• An excellent low-calorie source of vitamin C and potassium
• High in bioflavonoids.
• Fresh currants are highly perishable and are available for only a few
weeks in the summer
The several varieties of
fresh currants are actually berries that are related to gooseberries. The
fruit marketed as dried currants is a variety of grape, and thus a type of
Red and white currants are the
most common types available in North America, usually for only a short time
during the summer. Black currants (cultivated mostly in Europe) lead both
the red and white types in nutritional value. A cup of black currants
provides a whopping 220 mg of vitamin C, as well as 360 mg of potassium.
This compares with 50 mg of vitamin C and 300 mg of potassium in a cup of
red or white currants (also good amounts of these essential nutrients). All
types are low in calories, about 70 in a cup of fresh berries. Currants are
also a good source of fiber, providing about 2 g per cup.
Because they are quite tart,
fresh currents usually are not eaten raw; instead, they are used in baking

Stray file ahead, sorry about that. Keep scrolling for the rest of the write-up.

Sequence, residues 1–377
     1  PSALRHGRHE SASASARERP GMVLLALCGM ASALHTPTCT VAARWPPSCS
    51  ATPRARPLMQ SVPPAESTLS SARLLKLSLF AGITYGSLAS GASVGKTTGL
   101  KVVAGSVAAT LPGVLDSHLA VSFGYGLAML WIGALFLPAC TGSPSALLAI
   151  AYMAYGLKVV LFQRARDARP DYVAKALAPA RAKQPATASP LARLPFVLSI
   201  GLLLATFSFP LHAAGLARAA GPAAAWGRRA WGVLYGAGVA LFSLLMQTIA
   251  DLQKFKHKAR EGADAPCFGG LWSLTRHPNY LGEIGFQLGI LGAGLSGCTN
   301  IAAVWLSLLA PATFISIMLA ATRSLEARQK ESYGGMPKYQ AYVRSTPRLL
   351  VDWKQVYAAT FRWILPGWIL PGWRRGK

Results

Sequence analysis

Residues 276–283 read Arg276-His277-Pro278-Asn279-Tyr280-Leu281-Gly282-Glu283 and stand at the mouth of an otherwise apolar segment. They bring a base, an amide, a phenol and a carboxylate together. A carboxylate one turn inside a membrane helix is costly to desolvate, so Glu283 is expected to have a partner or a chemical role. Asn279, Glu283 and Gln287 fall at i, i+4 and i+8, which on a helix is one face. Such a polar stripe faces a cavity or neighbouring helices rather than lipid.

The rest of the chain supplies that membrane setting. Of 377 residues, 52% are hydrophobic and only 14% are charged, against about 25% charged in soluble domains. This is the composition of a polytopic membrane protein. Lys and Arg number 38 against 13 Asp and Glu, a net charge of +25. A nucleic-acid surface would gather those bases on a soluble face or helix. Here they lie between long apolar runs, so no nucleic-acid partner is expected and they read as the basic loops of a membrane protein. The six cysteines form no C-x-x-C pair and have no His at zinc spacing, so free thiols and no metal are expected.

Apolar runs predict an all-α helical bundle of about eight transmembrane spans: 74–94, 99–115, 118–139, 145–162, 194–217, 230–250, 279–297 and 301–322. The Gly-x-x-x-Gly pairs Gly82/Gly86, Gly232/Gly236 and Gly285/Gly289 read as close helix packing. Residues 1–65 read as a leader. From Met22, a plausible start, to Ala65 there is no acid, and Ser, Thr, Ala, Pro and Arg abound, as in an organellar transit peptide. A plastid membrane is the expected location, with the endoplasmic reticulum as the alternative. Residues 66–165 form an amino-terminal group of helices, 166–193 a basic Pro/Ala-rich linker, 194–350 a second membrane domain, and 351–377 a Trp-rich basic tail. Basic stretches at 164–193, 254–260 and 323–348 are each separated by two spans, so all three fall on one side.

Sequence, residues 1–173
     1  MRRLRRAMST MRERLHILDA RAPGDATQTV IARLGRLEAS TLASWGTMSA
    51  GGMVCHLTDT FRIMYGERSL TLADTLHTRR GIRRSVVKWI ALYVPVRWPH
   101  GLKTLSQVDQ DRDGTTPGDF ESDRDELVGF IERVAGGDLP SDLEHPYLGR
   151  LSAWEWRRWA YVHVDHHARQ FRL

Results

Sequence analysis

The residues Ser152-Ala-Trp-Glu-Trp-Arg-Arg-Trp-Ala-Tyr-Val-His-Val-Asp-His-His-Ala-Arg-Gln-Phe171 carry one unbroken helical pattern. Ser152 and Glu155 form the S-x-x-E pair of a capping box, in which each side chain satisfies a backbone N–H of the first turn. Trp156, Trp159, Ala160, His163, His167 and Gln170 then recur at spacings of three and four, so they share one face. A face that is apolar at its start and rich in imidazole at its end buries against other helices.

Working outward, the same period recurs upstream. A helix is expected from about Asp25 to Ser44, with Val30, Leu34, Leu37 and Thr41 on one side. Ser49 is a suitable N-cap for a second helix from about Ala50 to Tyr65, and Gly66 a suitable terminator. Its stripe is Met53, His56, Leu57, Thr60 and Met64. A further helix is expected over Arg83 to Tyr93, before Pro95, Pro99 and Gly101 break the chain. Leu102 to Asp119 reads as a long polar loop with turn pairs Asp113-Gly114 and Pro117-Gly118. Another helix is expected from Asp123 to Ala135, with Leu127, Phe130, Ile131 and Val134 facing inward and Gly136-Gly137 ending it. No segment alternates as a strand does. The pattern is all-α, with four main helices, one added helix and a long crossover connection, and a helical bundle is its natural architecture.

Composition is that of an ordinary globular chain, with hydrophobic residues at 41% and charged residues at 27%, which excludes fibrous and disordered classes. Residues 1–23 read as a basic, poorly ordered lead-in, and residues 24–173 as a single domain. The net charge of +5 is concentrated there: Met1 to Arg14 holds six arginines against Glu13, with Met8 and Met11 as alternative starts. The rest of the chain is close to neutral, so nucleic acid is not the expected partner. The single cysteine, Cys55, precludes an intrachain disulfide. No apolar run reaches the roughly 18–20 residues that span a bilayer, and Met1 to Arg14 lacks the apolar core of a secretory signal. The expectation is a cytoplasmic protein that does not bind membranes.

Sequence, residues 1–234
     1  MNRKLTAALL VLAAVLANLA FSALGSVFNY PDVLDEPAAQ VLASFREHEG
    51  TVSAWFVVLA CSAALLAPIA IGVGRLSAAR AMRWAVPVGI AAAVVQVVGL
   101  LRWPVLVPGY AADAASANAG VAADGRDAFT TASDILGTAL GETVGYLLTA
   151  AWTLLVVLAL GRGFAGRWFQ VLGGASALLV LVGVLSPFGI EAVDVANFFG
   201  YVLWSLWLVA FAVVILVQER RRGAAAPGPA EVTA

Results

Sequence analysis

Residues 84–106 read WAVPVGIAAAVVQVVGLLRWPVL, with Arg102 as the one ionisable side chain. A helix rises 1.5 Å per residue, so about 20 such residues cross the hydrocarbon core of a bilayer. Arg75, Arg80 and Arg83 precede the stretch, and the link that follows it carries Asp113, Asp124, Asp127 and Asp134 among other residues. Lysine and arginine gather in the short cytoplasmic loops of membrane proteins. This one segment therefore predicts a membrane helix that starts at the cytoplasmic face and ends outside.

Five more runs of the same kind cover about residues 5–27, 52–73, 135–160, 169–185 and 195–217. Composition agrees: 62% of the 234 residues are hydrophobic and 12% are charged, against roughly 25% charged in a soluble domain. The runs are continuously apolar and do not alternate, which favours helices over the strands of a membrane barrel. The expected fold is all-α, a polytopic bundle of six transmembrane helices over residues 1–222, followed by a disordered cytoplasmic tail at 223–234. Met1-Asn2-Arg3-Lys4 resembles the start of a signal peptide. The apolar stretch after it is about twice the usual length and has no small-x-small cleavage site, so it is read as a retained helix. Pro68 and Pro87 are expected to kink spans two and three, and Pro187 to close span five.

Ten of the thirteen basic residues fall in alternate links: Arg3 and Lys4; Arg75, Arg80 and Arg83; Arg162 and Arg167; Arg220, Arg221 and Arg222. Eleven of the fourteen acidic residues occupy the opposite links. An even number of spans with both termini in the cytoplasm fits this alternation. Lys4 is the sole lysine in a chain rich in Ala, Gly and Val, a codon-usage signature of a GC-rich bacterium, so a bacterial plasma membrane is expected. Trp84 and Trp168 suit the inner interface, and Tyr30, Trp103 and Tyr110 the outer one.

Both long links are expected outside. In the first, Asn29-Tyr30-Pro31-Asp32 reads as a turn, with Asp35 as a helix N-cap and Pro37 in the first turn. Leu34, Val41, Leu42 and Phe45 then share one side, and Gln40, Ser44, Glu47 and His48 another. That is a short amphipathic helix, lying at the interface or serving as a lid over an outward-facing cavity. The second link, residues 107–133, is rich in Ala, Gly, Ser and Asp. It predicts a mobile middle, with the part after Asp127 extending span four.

or to make jams, jellies, and sauces. Diluted and sweetened black currant
juice is a refreshing beverage that is very high in vitamin C. The juice can
be fermented and made into liqueurs and cordials.
All varieties of currants are
rich in bioflavonoids, pigments that are thought to boost the antioxidant
effects of vitamin C; they also help inhibit cancer growth and may possibly
prevent other diseases. Europeans have long valued black currants for their
antibacterial and anti-inflammatory properties, which are thought to come
from anthocyanin, a bioflavonoid in the berry skins. In Scandinavia a powder
made from dried black currant skins is used to treat diarrhea, especially
that caused by Escherichia coli, a common cause of bacterial diarrhea.
Europeans also use black currant syrup to ease the inflammation of a sore